The Holland Brothers are “a good-time, beer-drinking act,” specializing in a mix of old country and blues styles, says Mark Holland. So the trio, consisting of Mark, his brother Mike, and bassist Billie Feather, were a natural fit for the Meadowmont Music Series, a small Chapel Hill event now in its second year.
But after being hired to play, the band suddenly found itself disinvited due to the content of a single song, one that is not in the trio’s collective repertoire and which they were not even planning on playing. Ultimately, after being besieged by emails charging censorship, Meadowmont reversed course. But the episode highlights the sensitive atmosphere surrounding the mixture of politics and public events, one that promises to be ongoing in the arts-unfriendly Trump years.
About a month ago, Rollie Olin, a volunteer for the Meadowmont Music Series, contacted the brothers about playing at the event, and they agreed. Things got complicated soon thereafter. Mark Holland posted a new song—an entirely solo effort—on the website of their record label, something he and his brother often do. Called “Trump Fools,” the song grew out of his frustration with current political climate. A sample verse goes, “Look at all the sheep/Lambs to the slaughter, y’all/He’s a wolf in sheep’s clothing/And his hands are small.”
As he usually does, he sent out an email to his contact list to let people know he’d posted a new song. Inadvertently, Rollie Olin had been added to the contact list, and shortly thereafter, Olin sent an email saying that the series is “a nonpartisan event” and that, because of his concerns about the song, the Holland Brothers’ performance had been canceled.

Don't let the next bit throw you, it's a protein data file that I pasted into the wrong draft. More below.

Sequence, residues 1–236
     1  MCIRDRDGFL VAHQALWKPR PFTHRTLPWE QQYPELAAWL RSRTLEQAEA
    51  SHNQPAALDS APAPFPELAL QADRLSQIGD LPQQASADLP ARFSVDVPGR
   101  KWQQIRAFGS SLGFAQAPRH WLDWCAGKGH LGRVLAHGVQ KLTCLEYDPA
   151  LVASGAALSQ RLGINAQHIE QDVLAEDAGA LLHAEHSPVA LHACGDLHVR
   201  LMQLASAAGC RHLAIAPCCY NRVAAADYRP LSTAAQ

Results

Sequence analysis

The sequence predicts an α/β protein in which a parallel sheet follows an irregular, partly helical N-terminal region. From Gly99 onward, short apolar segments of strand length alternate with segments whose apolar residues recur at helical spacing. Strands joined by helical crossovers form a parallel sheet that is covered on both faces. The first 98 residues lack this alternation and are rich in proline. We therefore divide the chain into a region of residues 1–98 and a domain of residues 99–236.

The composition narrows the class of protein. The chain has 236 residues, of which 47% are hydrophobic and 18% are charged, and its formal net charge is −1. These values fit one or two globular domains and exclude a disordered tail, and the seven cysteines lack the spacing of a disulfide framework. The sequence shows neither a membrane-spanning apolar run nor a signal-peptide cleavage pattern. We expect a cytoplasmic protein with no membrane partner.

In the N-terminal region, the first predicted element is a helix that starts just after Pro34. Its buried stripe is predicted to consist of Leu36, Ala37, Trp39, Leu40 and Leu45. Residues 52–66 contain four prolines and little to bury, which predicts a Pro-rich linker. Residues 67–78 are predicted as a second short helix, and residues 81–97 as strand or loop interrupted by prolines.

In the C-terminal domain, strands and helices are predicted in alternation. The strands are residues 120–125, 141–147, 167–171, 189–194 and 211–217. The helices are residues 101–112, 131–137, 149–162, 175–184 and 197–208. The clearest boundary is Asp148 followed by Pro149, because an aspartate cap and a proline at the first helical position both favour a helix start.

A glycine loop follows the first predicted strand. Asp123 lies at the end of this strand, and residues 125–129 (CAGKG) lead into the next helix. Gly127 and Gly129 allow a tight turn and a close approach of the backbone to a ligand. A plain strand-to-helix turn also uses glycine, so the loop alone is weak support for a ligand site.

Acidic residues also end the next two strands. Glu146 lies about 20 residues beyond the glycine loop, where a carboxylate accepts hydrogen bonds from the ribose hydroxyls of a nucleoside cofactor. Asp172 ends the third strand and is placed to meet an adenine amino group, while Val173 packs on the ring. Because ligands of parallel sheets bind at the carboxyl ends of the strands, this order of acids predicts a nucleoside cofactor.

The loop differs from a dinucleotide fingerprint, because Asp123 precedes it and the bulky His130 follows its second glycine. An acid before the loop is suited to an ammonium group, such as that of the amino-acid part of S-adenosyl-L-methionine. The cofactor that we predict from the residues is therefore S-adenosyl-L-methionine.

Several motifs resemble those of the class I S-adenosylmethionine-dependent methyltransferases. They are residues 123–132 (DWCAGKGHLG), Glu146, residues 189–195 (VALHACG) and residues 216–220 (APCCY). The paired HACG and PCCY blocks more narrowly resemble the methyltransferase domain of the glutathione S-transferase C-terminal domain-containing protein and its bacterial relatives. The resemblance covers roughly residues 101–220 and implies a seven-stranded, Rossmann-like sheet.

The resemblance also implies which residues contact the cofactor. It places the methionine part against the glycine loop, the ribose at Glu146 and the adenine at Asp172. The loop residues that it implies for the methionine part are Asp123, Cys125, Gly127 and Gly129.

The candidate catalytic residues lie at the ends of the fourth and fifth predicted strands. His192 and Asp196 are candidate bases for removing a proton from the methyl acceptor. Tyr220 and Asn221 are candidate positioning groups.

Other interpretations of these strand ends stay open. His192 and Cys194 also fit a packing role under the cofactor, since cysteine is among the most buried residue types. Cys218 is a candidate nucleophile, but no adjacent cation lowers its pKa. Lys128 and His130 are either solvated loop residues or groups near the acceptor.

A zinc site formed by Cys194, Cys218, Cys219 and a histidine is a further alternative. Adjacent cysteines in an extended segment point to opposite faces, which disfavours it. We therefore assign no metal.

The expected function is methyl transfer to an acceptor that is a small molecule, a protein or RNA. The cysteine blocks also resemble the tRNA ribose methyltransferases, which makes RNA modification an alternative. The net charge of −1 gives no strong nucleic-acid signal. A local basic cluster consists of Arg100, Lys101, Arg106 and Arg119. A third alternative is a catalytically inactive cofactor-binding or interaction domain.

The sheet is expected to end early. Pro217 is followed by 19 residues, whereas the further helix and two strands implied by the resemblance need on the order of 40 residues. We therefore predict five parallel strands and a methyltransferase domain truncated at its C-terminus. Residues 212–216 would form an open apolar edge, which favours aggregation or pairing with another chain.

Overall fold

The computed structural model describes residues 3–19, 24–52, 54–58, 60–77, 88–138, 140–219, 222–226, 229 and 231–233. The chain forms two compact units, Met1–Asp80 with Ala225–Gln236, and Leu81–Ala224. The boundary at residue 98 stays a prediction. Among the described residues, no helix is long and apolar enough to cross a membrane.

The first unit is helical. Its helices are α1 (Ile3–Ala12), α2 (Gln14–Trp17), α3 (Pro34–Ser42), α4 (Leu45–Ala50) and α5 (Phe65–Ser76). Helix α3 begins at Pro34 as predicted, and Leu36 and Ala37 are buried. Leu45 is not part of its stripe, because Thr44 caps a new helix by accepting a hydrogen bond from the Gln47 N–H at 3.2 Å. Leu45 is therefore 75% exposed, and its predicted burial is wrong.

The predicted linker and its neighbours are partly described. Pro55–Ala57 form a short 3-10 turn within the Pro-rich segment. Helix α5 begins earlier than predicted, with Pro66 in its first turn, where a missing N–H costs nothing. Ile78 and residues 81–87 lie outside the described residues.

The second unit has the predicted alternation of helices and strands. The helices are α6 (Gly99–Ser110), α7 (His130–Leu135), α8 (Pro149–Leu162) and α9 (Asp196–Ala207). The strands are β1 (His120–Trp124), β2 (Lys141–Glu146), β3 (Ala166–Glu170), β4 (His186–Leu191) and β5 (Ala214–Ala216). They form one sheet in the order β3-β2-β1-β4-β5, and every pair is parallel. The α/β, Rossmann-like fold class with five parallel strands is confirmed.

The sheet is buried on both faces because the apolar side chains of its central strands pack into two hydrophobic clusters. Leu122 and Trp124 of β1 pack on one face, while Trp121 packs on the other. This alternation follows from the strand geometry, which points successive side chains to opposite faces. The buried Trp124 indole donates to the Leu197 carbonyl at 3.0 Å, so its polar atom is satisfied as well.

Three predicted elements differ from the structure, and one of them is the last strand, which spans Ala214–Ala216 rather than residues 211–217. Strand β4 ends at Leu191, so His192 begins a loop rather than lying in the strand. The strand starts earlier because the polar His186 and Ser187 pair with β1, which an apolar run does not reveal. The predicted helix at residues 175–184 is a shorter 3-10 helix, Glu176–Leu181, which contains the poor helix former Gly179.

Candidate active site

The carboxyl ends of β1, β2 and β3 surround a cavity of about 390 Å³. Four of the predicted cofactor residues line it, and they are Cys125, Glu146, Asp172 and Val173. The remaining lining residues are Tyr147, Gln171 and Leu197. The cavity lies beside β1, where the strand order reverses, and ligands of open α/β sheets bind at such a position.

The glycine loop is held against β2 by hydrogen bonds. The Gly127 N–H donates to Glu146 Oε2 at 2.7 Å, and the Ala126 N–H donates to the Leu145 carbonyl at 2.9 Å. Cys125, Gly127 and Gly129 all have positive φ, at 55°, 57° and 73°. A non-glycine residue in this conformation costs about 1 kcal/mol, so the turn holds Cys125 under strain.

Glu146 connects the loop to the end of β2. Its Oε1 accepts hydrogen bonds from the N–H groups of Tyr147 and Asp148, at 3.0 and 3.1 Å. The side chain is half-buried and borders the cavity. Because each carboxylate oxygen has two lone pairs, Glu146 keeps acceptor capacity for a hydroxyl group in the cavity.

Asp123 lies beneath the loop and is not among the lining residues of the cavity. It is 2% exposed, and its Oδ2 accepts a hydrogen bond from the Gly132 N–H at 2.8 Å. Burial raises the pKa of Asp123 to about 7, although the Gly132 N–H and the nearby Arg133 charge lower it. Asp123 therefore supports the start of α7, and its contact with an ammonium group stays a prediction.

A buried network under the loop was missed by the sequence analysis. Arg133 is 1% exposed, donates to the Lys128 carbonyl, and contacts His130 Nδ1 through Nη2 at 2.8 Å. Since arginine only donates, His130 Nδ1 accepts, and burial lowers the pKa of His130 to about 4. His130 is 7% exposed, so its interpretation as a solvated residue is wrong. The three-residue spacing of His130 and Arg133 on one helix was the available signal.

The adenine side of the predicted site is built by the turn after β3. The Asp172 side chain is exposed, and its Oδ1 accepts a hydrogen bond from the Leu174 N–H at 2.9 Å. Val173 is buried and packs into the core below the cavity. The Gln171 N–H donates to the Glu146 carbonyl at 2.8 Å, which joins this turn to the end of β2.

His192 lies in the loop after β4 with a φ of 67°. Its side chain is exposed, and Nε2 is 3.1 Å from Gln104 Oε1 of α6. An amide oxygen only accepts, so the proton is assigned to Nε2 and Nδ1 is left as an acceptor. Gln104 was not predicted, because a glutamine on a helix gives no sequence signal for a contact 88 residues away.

Because Olin had used the term “we,” Holland figured he was speaking on behalf of Meadowmont. He responded, “I respect it if that’s your decision, but the fact is, that song isn’t a Holland Brothers song and wouldn’t have been performed anywhere. It’s just performed by me as a solo artist.”
After a few days had passed without a response from Olin, Holland, incensed, posted about the situation on Facebook. As people began to weigh in via the post’s comment thread, a clear consensus developed: the cancellation was ridiculous. Holland wrote back to Olin to let him know that the local community was supporting the band and that Chapel Hillians in general are deeply opposed to censorship; others wrote their own dissenting emails to Olin.
Finally, Holland heard from Bill Ferrell, manager of Meadowmont Community Association. When they talked, Holland explained to him that they had no plans to sing “Trump Fools,” and that “we’re about as nonpartisan an act as you can get.” Holland says Ferrell was sympathetic and only wanted to make things right again. Soon enough, the Brothers were back on the bill.
“Bill was outstanding to intervene. He showed great respect for art and my right to create whatever I wanted to and post it,” says Holland. Ferrell himself did not want to comment on the situation, but Holland notes the irony of the whole episode, even with the happy ending.
“This song is gonna get a lot more attention than it normally would have received,” he says.